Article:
During the Paleolithic, the kind of stratification that we begin to see in Bronze-Age societies would not have been possible or even thinkable. Humans so deeply embedded in the fabric of nature – a fabric from which they began to extricate themselves with the dawn of agriculture – would not have been able to divide up the world as we do: they could not have seen themselves as fundamentally different or separate from it. The “Garden of Eden” story in Genesis would have made absolutely no sense to them. (Please note that I am not trying to present Paleolithic societies as particularly virtuous; I mean only that as hunter-gatherers, they can only see the world as hunter-gatherers do.)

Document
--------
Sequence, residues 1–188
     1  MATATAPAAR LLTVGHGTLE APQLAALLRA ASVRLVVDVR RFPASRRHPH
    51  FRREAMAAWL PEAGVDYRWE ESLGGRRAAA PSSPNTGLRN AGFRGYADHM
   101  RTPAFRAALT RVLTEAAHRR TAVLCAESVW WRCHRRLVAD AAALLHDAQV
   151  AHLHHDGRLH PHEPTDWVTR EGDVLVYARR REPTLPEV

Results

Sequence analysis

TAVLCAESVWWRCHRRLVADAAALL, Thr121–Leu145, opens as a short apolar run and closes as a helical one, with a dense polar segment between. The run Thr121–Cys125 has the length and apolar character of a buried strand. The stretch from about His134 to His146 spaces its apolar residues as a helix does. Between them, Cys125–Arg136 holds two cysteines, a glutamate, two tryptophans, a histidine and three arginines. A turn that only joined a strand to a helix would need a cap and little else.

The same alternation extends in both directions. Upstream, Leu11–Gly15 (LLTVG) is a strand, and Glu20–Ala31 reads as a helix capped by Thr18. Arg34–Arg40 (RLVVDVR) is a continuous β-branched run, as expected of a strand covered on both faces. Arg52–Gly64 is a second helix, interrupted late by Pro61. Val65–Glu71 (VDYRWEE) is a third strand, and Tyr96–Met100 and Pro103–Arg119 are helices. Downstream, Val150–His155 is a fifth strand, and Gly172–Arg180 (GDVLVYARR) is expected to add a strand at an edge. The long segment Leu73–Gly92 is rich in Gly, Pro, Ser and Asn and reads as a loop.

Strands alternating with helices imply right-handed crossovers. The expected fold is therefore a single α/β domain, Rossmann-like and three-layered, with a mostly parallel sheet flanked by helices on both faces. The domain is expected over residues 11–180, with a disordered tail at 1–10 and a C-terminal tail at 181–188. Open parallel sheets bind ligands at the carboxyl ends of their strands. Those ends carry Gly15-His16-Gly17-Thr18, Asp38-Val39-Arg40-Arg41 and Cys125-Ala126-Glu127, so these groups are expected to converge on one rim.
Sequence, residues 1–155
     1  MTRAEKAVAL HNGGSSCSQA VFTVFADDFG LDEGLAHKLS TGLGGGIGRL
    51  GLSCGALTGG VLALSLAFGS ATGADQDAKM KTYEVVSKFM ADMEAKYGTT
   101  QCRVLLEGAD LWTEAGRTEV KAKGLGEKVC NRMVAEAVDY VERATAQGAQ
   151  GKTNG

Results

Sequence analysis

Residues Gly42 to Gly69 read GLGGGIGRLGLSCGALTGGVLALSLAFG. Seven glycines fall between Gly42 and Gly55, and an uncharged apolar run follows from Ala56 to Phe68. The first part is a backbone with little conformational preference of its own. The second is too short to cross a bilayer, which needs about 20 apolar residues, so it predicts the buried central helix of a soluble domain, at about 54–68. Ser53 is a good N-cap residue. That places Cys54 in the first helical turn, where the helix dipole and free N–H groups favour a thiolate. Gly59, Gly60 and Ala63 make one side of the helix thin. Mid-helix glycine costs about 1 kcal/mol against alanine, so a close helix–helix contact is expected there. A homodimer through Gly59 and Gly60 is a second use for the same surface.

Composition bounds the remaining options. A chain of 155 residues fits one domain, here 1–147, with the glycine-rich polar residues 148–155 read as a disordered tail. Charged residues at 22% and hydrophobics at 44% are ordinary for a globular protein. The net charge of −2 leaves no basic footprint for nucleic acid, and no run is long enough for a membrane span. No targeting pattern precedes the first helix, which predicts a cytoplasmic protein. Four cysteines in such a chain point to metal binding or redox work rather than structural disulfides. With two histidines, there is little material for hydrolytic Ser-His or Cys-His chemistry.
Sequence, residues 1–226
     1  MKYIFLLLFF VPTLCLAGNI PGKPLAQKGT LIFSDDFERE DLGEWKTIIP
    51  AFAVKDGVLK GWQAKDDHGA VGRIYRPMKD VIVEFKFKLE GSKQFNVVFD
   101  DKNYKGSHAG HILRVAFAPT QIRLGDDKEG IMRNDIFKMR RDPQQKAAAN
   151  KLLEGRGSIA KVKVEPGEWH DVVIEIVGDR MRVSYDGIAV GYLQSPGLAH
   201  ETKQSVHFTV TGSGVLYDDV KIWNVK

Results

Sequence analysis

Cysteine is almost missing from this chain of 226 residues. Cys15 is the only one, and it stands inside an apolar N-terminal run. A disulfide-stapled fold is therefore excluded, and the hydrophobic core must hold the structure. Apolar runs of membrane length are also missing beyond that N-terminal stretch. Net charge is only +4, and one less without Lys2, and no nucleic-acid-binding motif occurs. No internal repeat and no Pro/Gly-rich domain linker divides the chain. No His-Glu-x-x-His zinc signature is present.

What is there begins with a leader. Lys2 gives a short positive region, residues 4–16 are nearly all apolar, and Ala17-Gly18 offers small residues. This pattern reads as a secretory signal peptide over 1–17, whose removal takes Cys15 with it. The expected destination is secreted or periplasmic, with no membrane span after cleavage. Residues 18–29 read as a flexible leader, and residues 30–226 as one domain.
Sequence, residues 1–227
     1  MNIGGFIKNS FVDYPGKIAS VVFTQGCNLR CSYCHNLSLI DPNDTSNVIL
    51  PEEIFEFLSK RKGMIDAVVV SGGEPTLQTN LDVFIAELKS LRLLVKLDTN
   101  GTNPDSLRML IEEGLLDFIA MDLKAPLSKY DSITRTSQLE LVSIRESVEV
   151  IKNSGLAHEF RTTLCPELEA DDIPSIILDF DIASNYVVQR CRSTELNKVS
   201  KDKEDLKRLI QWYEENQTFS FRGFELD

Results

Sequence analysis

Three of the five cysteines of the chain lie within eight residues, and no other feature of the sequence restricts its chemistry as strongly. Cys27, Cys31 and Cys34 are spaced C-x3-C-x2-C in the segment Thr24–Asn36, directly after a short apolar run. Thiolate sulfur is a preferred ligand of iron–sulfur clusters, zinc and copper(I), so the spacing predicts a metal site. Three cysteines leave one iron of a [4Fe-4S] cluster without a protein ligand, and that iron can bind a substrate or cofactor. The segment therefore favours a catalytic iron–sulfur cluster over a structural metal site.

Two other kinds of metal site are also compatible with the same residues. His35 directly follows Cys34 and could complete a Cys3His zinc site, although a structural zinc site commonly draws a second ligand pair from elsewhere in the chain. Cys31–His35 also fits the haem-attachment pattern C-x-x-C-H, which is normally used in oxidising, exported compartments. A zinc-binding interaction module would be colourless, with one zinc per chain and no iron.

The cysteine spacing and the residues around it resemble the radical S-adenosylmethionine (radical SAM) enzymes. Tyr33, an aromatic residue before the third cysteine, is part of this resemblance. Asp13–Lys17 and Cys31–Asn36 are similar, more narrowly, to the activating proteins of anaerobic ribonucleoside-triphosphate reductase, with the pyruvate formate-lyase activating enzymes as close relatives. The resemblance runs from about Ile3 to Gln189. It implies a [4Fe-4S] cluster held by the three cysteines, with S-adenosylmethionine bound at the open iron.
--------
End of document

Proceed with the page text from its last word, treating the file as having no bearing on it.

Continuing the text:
There is, nevertheless, a religious dimension to the Paleolithic. If you had been living forty thousand years ago and were about to go on a hunt, you would no doubt have spent some time preparing yourself mentally for what lay ahead. If you had had words for such useful qualities as fortitude, cunning, skill, courage, luck, and so forth, you would probably have been trying to summon them. There’s an unbroken continuum between summoning a quality, invoking it, and praying to it. You might even have personified those qualities – perhaps investing them in the very animal you intended to track, as a totem (therein is seen the natural linkage between meditation and worship). Needless to say, these kinds of preparations would all have been undertaken collectively by, for instance, singing, drumming and dancing throughout the night before the hunt as the Ba’Aka do to this day. This all makes perfect sense, and it’s very different from the religion of agriculturalists. Unlike the latter, this seems to me to be a natural feature of the human condition. There is something deeply true, no doubt useful and probably healthy about it. I think proto-religion might be the right name for it. There’s no place for Deus Pater Omnipotens in it.